The circuit court granted summary
judgment for the defendants on both causes of action. We affirm summary judgment
of Clinch’s antitrust claims but reverse summary judgment of his tortious
interference claim and remand for further proceedings.

The basis for this
dispute apparently began fomenting during 1999 when the director of vascular
surgery at Heartland Regional, Michael Nellestein, expressed concern that the
hospital’s heart program was not “moving forward effectively.” Clinch was
medical director of cardiac surgery at the hospital. Nellestein mentioned some
of his concerns to Curtis Kretzinger, the hospital’s chief operating officer,
and to Steven McCamy, who oversaw the hospital’s physicians. When Nellestein
met with Kruse during Spring 1999 to discuss his pay, he presented data comparing
his and Clinch’s productivity. He met with Kruse again–sometime during late
1999 or early 2000–to discuss extension of his contract and removal of Scott
Koellicker, the administrator who oversaw cardiac surgery at the hospital, from
his chain of command.

During June 2000, while Nellestein was on leave from
his duties, Clinch performed 17 surgeries. When Nellestein returned to his
duties, someone told him that complications had beset Clinch’s surgeries.
Nellestein reviewed Clinch’s surgeries, but he did not try to determine the
complications’ causes. At some point, apparently after November 2000, Nellestein
recorded that Clinch’s surgeries had a “35% major complication rate.”

Charles Mullican, the hospital’s chief medical officer, became aware of
complications with Clinch’s surgeries. Nellestein acknowledged that he may have
told Mullican of the complications, but he did not give Mullican a written
analysis or complain about Clinch’s performance.

Sometime during July or
August 2000, Nellestein told Kretzinger during a hallway conversation that he
was unhappy at Heartland Regional and was considering leaving the hospital’s
staff. Surprised, Kretzinger later summoned Nellestein to his office where Nellestein
expressed concerns that the hospital’s heart program was “not moving
forward effectively.” Nellestein noted problems with infection rates, referrals,
volume, and results. He expressed specific concerns about Clinch’s performance,
which Kretzinger characterized as “vague” and as part of Nellestein’s general
critique of the heart program.

Kretzinger told Heartland Health’s Clinical
Business Strategy Group that Nellestein had threatened to leave and that he was
discussing a list of issues with Nellestein. Asked whether or not Nellestein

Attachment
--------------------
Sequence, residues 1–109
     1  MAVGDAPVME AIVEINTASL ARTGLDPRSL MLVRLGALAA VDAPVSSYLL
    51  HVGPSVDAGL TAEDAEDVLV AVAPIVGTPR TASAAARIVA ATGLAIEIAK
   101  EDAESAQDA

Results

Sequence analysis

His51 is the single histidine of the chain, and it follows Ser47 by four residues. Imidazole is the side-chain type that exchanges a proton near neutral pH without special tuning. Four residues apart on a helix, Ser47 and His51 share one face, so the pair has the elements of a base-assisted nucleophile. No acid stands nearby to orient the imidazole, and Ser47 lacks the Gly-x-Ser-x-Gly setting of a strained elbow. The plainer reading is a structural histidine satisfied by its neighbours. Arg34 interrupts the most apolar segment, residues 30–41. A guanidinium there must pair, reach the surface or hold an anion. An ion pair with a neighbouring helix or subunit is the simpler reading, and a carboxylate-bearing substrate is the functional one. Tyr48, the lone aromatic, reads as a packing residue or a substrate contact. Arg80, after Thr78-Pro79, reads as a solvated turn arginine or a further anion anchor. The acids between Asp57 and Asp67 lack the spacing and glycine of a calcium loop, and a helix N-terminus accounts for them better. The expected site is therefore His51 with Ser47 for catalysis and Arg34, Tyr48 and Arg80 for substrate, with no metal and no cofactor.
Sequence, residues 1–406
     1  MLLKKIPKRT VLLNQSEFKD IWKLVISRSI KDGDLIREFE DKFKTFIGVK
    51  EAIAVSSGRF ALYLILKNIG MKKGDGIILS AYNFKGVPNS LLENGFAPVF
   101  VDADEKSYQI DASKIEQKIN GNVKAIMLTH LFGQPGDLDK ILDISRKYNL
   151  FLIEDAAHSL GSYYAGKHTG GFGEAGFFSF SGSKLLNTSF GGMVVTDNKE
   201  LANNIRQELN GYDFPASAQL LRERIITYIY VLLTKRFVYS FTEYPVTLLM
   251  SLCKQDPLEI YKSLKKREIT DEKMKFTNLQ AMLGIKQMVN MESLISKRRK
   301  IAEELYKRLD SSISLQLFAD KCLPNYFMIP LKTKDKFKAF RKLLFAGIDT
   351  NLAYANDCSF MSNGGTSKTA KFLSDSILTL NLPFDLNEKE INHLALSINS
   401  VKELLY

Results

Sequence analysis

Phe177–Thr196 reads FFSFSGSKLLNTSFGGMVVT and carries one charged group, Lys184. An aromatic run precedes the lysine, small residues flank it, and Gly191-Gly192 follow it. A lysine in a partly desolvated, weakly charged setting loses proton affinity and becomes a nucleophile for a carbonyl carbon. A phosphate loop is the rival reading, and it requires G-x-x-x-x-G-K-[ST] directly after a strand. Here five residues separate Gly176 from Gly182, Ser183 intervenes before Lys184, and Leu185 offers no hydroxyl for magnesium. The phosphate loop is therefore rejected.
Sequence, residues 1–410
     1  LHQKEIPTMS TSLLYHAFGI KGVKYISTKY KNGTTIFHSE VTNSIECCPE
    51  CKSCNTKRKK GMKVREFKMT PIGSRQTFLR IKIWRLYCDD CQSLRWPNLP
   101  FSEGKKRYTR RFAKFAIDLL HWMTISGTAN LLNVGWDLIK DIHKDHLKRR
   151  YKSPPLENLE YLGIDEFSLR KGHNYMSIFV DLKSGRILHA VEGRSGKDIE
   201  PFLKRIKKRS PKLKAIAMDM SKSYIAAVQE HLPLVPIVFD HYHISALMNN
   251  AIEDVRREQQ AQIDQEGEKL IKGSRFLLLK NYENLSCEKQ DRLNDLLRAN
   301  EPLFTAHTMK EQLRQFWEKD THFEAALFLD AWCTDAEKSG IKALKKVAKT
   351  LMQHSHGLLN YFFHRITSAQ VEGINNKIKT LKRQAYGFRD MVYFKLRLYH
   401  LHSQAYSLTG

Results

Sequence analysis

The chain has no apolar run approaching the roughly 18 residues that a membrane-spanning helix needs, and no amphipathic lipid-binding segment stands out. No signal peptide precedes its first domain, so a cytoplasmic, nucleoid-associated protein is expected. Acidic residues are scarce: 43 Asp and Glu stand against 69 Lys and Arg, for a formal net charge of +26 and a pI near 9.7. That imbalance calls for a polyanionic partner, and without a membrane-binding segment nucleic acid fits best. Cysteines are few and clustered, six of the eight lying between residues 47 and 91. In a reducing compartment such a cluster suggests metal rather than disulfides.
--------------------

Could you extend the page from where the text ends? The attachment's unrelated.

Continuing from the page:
had conditioned his staying at Heartland Regional on Clinch’s removal, Nellestein
responded, “Absolutely not.”

During August and September 2000, Kretzinger
initiated a review of Heartland Regional’s cardiac program. He ordered Cindy
McCoy, a former infectious disease nurse manager at the hospital, to prepare
a report of Clinch’s infection rates. McCoy testified that Kretzinger told her
that “Heartland wanted to terminate the contract of Dr. Steven Clinch and use
his high infection rates as a reason,” but Kretzinger denied telling her this.
From his review, Kretzinger found no problems with Nellestein’s or Clinch’s morbidity,
mortality, or infection rates.

On August 9, 2000, Kruse,
Kretzinger, and Nellestein met for dinner. Kruse and Kretzinger offered Clinch’s
position as medical director of cardiac surgery to Nellestein, and Nellestein
accepted. They discussed Clinch’s future with the hospital, but whether or not
Kruse and Kretzinger decided to remove staff privileges from Clinch entirely at
that meeting is disputed.

Nellestein signed a new contract with Heartland
Regional on October 4, 2000. The contract’s terms made Nellestein medical
director of cardiac surgery. Hospital administrators terminated Clinch’s
contract the next day. McCamy later told Clinch that his contract had been
terminated “without cause.” Although Heartland Regional administrators expressed
willingness for Clinch to continue his staff membership and clinical privileges,
Midwestern Health Management refused to release Clinch from a covenant not to
compete. On October 6, Heartland Regional contracted with another cardiac surgeon,
Jane Schwabe, and hospital administrators removed Koelliker from the heart program
chain of command, as Nellestein had requested.

During Spring
2001, Heartland Regional’s administrators realized that, because Clinch’s
privileges extended beyond expiration of his covenant not to compete, he would
be eligible to return to Heartland Regional as a staff surgeon at the end of the
year. Administrators asked an attorney to develop an exclusive contract
arrangement for cardiac surgery at Heartland Regional that would prevent Clinch
from returning to Heartland Regional after his non-compete covenant expired.


During July 2001, Clinch notified Heartland Regional that he intended to
return to an independent practice at Heartland Regional after his non-compete
covenant expired. Mullican informed him that the hospital’s board was
considering an exclusive arrangement with its current cardiac surgeons. In
September, the board decided temporarily to exclude non-employed physicians from
providing cardiovascular services at the hospital, and the board made the
exclusion permanent during March 2002. This exclusion prohibited Clinch from